Two major side-effects of paclitaxel therapy are frequent hypersensitivity reactions and neuropathy. Standard paclitaxel contains Cremophor EL as a solvent, thus requiring premedication with high doses of antihistamines and corticosteroids, as well as prolonged infusion times. Albumin-bound or nab-paclitaxel was developed to overcome such limitations, and also to ensure more convenient drug administration and improve toxicity profiles.
Early development of paclitaxel was hampered by the high incidence of major hypersensitivity reactions, which in some studies approached 30 percent. Initial observations pointed to the histamine and other vasoactive substances as culprits in the development of hypersensitivity reactions.
A majority of affected individuals presented with type 1 hypersensitivity reactions have primarily shown signs of dyspnea, urticaria and hypotension. Other common symptoms included chest or back pain, excess perspiration or sweating and pruritus.
Oral pre-medication with dexamethasone given orally at 12 and 6 hours before infusion of paclitaxel has been shown to significantly reduce the incidence of paclitaxel-induced hypersensitivity reactions. In addition, patients suffering from major hypersensitivity reactions rechallenged with paclitaxel after receiving high doses of corticosteroids have been free of recurrences, although universal success of this approach has not been demonstrated.
Paclitaxel is able to induce a peripheral neuropathy characterized by sensory symptoms such as paresthesia and numbness in a glove-and-stocking distribution. Symmetrical loss of sensations (proprioception, vibration, pinprick and temperature) is also frequently noted.
Symptoms usually occur between 24 and 72 hours upon treatment with higher doses of the drug (>250 mg per square meter), although they usually occur after multiple courses at conventional dosage protocols (<200 mg per square meter). Severe neurotoxicity is quite rare when administering conventional doses – even in patients with prior exposure neurotoxic agents (such as cisplatin). When severe neurotoxicity ensues, it precludes further administration of high doses of the drug for up to 24 hours.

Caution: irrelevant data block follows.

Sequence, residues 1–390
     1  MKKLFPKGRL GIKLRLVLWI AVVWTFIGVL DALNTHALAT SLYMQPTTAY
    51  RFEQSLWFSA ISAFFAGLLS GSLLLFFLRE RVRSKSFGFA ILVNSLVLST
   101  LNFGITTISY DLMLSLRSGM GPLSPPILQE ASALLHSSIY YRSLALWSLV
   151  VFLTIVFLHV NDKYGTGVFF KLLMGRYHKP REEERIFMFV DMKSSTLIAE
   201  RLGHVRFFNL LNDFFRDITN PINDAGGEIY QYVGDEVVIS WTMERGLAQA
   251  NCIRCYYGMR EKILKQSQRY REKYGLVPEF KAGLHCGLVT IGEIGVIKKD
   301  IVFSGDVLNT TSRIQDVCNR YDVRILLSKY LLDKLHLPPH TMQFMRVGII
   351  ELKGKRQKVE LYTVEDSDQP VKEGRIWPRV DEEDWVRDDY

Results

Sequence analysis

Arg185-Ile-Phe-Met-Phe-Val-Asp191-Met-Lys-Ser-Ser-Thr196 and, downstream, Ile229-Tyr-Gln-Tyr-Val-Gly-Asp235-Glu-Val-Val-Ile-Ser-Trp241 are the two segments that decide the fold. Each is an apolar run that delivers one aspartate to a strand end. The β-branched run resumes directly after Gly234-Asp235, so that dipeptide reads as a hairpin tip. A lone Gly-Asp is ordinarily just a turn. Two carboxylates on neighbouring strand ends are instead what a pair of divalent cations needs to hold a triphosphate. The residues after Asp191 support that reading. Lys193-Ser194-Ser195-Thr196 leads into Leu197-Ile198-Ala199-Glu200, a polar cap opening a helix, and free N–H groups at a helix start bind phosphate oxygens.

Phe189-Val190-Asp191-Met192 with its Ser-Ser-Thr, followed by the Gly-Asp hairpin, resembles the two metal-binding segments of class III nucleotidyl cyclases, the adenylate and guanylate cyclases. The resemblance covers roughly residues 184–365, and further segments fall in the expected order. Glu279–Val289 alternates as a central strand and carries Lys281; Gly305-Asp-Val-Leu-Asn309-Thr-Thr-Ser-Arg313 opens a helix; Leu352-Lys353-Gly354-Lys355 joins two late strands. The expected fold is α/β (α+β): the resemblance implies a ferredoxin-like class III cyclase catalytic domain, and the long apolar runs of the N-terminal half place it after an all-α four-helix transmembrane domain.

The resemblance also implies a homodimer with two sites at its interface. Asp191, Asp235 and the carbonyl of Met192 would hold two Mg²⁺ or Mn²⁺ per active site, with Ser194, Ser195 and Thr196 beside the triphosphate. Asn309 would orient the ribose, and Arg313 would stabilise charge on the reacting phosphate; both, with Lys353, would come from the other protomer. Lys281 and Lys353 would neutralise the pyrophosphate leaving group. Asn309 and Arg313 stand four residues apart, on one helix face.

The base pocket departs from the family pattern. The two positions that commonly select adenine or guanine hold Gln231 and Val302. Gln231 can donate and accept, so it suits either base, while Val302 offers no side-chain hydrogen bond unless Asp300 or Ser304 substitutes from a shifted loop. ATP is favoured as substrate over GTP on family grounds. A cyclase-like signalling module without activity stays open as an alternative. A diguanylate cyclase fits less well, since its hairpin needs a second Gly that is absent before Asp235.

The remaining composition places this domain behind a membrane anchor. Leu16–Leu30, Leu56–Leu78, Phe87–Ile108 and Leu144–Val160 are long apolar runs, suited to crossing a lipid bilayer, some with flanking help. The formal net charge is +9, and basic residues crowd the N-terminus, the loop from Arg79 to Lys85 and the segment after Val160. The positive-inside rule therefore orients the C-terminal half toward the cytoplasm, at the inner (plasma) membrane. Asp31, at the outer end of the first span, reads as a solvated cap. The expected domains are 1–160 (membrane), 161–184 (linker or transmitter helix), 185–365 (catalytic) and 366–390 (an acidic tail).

Autonomic and motor dysfunction can also represent a problem of paclitaxel therapy, namely in patients with preexisting neuropathies caused by alcoholism, diabetes mellitus and other pathological conditions. Optic nerve can be affected as well, denoted by scintillating scotoma. When it comes to nab-paclitaxel-induced sensory neuropathy, prior history of chemotherapy and dosing schedule are important factors in the development of the disorder.
There is a common occurrence of transient myalgia (muscle pain), usually observed two to five days after therapy at doses above 170 mg per square meter. Insidious myopathy has been observed with high doses of paclitaxel, often in combination with aforementioned cisplatin.
Other common side-effects
One of the principal toxic effects of paclitaxel is a non-cumulative neutropenia (abnormally low count of neutrophils), suggesting that immature hematopoietic cells are not irreversibly damaged. The drug can also reduce the number of erythrocytes resulting in anemia, as well as thrombocytes which can result in bruising and bleeding.
Normal cardiac rhythm can be disturbed, and the most common manifestation is transient asymptomatic bradycardia. Albeit rare, various arrhythmias, ventricular tachycardia, cardiac ischemia and myocardial infarction have also been noted. Cardiac monitoring is thus advisable for patients with ventricular dysfunction and those who may not be able to fully tolerate the drug's potential bradyarrhythmia.
Gastrointestinal effects such as diarrhea and vomiting are also frequent, particularly upon administration of higher doses. Such conditions necessitate at least two liters of fluids every day. Patients with leukemia are especially prone to mucositis and breakdown of the mucosal barrier.
Akin to the effect of other chemotherapeutic agents, eyelashes, eyebrows and other body hair is often temporarily lost. The process usually starts after first or second cycle of chemotherapy. Inflammation at the injection site (along the course of the vein) and in areas where the drug leaves the blood vessel may rarely occur, as well as the consequent inflammatory skin reactions.